Death Toll Exceeds 1,300 in Hajj 2024

Saudi Arabia has announced that the number of people who died during this year’s Hajj has exceeded 1,300.

This tragic toll is attributed mainly to the extreme heat that plagued the pilgrimage, with temperatures soaring above 50 degrees Celsius.

Citizens from ten different countries have been reported among the deceased, with Egypt bearing the highest toll of 658 deaths.

Pakistan, which sent 150,000 pilgrims, reported 58 deaths among its citizens. Indonesia, which had 240,000 pilgrims, recorded 183 deaths according to its Ministry of Religious Affairs.

Agence France-Presse noted that pilgrims from Sudan, Senegal, Tunisia, India, Jordan, Malaysia, Ethiopia, and Iran were also among the deceased.

The Ethiopian Islamic Affairs Council confirmed that five of the victims were Ethiopian nationals.

The Saudi Arabian news agency SPA reported that most of the deceased were pilgrims who entered the country without official permission and had to endure long journeys in the extreme heat without adequate shelter.

The severe heat wave, which saw temperatures rise above 50 degrees Celsius, posed a significant risk to all pilgrims, but particularly to those traveling without the necessary precautions and accommodations.

More than three-quarters of those who died were unauthorized entrants traveling during the day without proper shelter.

Some of the deceased were elderly or had chronic illnesses, compounding their vulnerability to the harsh conditions.

Health Minister Fahd Al-Jalajeel stated that efforts were made to raise awareness about the dangers of heat and the measures pilgrims could take to protect themselves.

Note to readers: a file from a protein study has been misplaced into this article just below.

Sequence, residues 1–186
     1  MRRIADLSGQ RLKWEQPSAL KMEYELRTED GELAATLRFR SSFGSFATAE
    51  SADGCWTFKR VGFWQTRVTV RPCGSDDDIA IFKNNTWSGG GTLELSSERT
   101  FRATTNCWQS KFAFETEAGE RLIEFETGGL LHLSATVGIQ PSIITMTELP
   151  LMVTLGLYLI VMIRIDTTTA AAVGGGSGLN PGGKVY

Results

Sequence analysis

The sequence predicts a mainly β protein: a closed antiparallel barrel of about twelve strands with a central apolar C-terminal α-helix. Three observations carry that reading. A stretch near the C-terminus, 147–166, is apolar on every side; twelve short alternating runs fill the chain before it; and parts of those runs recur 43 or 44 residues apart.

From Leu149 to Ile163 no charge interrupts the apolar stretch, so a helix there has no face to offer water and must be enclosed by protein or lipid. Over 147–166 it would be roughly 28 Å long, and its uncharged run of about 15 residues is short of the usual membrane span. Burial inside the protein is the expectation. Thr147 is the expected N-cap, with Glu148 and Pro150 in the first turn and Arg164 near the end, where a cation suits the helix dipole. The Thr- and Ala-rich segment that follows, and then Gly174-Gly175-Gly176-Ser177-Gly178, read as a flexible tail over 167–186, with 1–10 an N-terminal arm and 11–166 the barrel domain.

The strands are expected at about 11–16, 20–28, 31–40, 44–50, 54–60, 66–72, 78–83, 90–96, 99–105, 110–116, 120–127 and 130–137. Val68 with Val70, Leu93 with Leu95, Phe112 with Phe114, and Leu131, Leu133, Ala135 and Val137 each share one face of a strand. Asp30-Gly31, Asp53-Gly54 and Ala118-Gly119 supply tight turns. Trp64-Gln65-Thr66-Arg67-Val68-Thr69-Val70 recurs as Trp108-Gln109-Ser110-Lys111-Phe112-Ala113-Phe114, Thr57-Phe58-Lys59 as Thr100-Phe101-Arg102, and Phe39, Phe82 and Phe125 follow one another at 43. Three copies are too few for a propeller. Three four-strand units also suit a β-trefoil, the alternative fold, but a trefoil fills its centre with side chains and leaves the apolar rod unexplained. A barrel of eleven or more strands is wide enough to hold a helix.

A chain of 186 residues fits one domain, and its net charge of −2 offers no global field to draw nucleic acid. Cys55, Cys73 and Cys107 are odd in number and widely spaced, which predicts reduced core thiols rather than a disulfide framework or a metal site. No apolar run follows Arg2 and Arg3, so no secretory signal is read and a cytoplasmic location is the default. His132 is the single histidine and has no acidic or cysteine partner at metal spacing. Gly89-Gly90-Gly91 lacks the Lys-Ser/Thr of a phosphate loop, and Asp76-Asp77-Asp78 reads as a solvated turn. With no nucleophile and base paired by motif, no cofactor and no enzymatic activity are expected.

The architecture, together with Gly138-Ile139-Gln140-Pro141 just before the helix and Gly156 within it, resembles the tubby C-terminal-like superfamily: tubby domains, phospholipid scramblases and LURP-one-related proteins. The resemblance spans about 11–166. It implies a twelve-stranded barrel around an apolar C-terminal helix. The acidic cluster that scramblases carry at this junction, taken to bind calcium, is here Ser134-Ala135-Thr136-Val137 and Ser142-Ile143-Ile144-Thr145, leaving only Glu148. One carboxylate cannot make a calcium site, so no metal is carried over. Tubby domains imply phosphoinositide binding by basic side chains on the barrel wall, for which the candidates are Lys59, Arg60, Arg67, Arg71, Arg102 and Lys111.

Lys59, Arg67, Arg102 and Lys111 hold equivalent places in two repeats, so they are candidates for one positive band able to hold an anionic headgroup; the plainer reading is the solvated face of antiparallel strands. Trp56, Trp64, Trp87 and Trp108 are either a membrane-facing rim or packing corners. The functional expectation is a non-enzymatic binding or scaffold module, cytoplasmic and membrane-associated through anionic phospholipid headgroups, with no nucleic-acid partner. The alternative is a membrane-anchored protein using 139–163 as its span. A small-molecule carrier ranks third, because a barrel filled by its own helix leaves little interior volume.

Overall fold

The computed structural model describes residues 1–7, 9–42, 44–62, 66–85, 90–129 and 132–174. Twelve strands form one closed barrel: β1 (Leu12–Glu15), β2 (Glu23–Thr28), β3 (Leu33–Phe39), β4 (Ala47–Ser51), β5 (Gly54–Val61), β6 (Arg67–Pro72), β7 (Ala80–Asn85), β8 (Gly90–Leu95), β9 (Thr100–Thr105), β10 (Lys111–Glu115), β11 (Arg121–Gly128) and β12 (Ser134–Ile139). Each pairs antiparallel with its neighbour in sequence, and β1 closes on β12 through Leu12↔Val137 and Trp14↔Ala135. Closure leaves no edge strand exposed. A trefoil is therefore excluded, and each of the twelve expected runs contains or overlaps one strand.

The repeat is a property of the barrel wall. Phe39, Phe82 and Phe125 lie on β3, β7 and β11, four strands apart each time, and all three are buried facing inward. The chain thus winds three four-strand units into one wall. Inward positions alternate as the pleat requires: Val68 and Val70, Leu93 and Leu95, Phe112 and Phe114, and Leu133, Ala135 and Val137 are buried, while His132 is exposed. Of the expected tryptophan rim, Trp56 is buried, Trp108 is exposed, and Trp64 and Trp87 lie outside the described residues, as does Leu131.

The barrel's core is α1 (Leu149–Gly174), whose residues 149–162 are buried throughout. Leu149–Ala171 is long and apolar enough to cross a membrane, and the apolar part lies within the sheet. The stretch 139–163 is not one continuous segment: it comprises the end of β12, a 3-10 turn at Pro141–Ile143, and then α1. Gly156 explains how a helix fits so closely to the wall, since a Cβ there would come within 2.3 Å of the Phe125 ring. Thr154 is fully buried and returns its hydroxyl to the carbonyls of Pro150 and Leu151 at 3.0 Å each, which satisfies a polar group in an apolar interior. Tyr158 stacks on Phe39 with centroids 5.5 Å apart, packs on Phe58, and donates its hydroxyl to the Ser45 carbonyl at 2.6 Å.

Health facilities, including over 140,000 unlicensed ones, managed to treat nearly half a million travelers, with some still hospitalized due to heat-related injuries.

This year’s Hajj saw participation from over 1.5 million foreigners and more than 300,000 Saudi citizens, making the event particularly challenging due to the extreme heat.

The country’s Meteorological Center reported that the temperature in Makkah reached a staggering 51.8 degrees Celsius last week. Consequently, more than 2,700 elderly and ailing pilgrims are currently receiving treatment in hospitals.

The Hajj, one of the five pillars of Islam, draws millions of participants each year. Despite meticulous planning and safety measures, the event has seen fatalities in the past.

Eight years ago, more than 2,000 pilgrims lost their lives in a tragic stampede in Mina during the stoning ritual.

The extreme heat and the high number of unauthorized entrants highlight the need for even more stringent measures to ensure the safety of all pilgrims during this significant religious event.


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